Friday, May 24

HDFC Bank Shareholders Witness Rs 49,355 Crore Erosion in a Single Trading Session

In a startling turn of events, HDFC Bank shareholders experienced a staggering erosion of Rs 49,355 crore in the span of a single trading session. This significant devaluation sent shockwaves throughout the financial market, leaving investors and analysts perplexed by the sudden and substantial decline in the bank’s market capitalization.

HDFC Bank investors were hit hard on Wednesday as they witnessed a massive erosion of Rs 49,355 crore in a single trading session. This drastic loss was triggered by a 4 percent drop in HDFC Bank’s shares, which closed at Rs 1,563.90, according to data from the BSE. The bank’s market capitalization suffered a significant decline, plummeting from Rs 12,34,103.99 crore in the previous trading session to Rs 11,84,748.93 crore. This sharp decline in market value has raised concerns among investors and analysts, prompting a closer examination of the factors contributing to this downturn in one of India’s leading banks.

 

HDFC Bank Shareholders Witness Rs 49,355 Crore Erosion in a Single Trading Session
HDFC Bank Shareholders Witness Rs 49,355 Crore Erosion in a Single Trading Session

 

HDFC Bank, the largest private sector lender in India, experienced its worst single-day performance since May 5, 2023. This decline followed an analyst meeting where the bank disclosed that its recently completed merger with mortgage lender HDFC Limited would have an adverse impact on certain crucial financial parameters in the near term. Specifically, HDFC Bank stated that the impact on Net Interest Margin (NIM) would be slightly higher than anticipated due to increased liquidity and incremental cash reserve ratio (ICRR).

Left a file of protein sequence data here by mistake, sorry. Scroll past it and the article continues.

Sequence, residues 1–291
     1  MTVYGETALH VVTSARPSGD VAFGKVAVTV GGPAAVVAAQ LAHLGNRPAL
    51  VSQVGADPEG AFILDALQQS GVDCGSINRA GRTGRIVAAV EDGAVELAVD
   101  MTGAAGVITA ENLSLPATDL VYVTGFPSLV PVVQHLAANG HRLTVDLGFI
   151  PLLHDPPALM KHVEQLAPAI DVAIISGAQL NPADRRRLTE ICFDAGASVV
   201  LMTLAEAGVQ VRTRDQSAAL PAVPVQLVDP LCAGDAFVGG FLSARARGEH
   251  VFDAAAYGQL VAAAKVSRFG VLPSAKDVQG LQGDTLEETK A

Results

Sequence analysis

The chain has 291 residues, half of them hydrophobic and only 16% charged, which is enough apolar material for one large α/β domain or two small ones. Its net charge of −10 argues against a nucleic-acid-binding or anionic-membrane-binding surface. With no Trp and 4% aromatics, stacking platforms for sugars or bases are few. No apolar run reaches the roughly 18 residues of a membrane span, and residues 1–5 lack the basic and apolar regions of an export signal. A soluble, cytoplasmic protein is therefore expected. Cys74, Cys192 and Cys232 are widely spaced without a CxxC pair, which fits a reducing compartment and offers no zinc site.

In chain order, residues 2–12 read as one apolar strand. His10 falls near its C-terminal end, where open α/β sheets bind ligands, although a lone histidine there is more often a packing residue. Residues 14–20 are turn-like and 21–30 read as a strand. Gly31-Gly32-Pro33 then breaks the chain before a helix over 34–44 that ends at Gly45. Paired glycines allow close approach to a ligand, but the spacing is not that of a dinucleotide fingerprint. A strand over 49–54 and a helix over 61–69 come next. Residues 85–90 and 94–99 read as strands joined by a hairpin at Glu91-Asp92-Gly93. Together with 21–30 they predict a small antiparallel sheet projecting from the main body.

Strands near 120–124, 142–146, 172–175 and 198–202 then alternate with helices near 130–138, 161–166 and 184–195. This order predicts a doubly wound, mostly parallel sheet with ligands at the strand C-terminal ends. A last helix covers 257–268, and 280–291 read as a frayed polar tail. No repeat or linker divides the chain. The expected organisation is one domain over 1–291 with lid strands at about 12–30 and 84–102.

Additionally, the merger would affect the bank’s net worth by around 5 percent. However, there was optimism regarding retail deposit mobilization, which was expected to remain robust. These revelations raised concerns among investors and triggered selling pressure in HDFC Bank’s stock.

Following the merger with HDFC Limited, HDFC Bank is anticipated to see an increase in its gross bad loan ratio to 1.4 percent as of July 1, up from the standalone 1.2 percent reported in the June quarter. Moreover, the excess liquidity resulting from the merger is expected to exert downward pressure on the bank’s net interest margins, causing a reduction of approximately 25 basis points.

HDFC Bank is scheduled to release its first consolidated earnings next month, although the exact date has not been confirmed yet. The merger, effective from July 1, has created a financial powerhouse with a combined value of $40 billion.

The cautionary note regarding non-performing assets was triggered by a significant increase in bad loans within HDFC Limited’s corporate loan portfolio, leading Nomura analysts to downgrade the stock from “buy” to “neutral.” Additionally, the bank’s Net Interest Margins (NIMs) may face pressure over the next 2-3 quarters, with Nomura reducing NIM estimates by approximately 25 basis points for fiscal year 2024 and 15-20 basis points for FY25-26.

Macquarie analysts have also expressed concerns about the potential impact on long-term profitability due to the merger. Furthermore, analysts anticipate a decline in return on equity and foresee challenges for the stock in the coming 12 months.

HDFC Bank saw a 4 percent decline, closing at Rs 1,563.90, making it the top loser in the Sensex. This drop in HDFC Bank shares alone resulted in a 432-point decrease in the Sensex, according to data from BSE.


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